The PD-1/PD-L1 checkpoint in normal germinal centers and diffuse large B-cell lymphomas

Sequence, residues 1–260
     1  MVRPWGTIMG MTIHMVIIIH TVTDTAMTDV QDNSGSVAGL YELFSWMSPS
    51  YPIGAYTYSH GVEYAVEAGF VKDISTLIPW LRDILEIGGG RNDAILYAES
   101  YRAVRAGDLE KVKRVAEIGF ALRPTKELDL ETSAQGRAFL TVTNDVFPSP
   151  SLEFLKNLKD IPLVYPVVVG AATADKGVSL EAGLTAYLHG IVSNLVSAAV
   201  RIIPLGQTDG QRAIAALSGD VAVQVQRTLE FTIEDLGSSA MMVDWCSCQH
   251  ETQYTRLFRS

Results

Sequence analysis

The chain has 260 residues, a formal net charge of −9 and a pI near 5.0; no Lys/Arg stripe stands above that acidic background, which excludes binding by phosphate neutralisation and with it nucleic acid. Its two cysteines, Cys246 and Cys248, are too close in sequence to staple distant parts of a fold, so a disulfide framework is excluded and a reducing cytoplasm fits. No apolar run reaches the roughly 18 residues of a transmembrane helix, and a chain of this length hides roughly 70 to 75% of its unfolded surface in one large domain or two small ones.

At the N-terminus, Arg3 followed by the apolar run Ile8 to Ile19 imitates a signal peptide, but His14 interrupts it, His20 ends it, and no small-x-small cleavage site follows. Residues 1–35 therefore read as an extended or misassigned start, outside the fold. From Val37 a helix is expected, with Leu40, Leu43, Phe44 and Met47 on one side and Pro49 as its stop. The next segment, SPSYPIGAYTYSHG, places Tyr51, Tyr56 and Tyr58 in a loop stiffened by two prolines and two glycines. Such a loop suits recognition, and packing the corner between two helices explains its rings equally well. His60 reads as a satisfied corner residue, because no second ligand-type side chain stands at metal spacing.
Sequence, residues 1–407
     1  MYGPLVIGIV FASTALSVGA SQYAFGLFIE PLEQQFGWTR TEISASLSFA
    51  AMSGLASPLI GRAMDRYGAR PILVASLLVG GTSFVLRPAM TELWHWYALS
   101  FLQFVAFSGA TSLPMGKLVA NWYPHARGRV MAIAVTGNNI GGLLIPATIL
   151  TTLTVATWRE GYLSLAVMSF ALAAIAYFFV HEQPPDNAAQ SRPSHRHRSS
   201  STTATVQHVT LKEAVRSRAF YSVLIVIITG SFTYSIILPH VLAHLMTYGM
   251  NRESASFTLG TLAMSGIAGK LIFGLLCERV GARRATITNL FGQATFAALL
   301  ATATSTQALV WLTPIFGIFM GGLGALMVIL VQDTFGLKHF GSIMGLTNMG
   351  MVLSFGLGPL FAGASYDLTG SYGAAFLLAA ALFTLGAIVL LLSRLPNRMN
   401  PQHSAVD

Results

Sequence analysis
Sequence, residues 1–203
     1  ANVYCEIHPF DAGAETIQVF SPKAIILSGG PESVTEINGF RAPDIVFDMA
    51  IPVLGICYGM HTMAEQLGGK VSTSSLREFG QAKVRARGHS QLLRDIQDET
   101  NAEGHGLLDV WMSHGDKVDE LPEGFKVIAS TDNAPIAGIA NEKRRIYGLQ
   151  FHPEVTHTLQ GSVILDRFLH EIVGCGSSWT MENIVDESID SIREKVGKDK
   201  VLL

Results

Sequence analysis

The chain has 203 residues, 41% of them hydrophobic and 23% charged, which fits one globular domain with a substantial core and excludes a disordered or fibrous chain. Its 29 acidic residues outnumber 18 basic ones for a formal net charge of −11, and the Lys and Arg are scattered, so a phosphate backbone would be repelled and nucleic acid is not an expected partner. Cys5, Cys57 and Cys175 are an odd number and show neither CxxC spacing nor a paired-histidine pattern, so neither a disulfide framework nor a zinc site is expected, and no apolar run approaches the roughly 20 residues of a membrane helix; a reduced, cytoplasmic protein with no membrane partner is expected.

Simple Summary The PD-1/PD-L1 axis is not only involved in anti-tumour immune evasion of germinal center (GC)-derived diffuse large B cell lymphomas (DLBCL), but also inherently in the fine-tuned regulation of normal GC reactions during humoral immune responses. This checkpoint axis modulates crosstalks between B and T cells that allow positive selection for survival and proliferation. Malignant DLBCL cells may deceive and take advantage of these mechanisms to establish an immunosuppressive microenvironment. This review delves into PD-1/PD-L1 role in the complex inter-cellular interactions from normal GC reactions to DLBCL progression, in order to highlight vulnerabilities that could be targeted by promising combination immunotherapies. Besides a recognized role of PD-1/PD-L1 checkpoint in anti-tumour immune evasion, there is accumulating evidence that PD-1/PD-L1 interactions between B and T cells also play an important role in normal germinal center (GC) reactions. Even when smaller in number, T follicular helper cells (T-FH) and regulatory T (T-FR) or B (Breg) cells are involved in positive selection of GC B cells and may result critical in the lymphoma microenvironment. Here, we discuss a role of PD-1/PD-L1 during tumour evolution in diffuse large B cell lymphoma (DLBCL), a paradigm of GC-derived lymphomagenesis. We depict a progression model, in two phases, where malignant B cells take advantage of positive selection signals derived from correct antigen-presentation and PD-1/PD-L1 inter-cellular crosstalks to survive and initiate tumour expansion. Later, a constant pressure for the accumulation of genetic/epigenetic alterations facilitates that DLBCL cells exhibit higher PD-L1 levels and capacity to secrete IL-10, resembling Breg-like features. As a result, a complex immunosuppressive microenvironment is established where DLBCL cells sustain proliferation and survival by impairing regulatory control of T-FR cells and limiting IL-21-mediated anti-tumour functions of T-FH cells and maximize the use of PD-1/PD-L1 signaling to escape from CD8(+) cytotoxic activity. Integration of these molecular and cellular addictions into a framework may contribute to the better understanding of the lymphoma microenvironment and contribute to the rationale for novel PD-1/PD-L1-based combinational immunotherapies in DLBCL.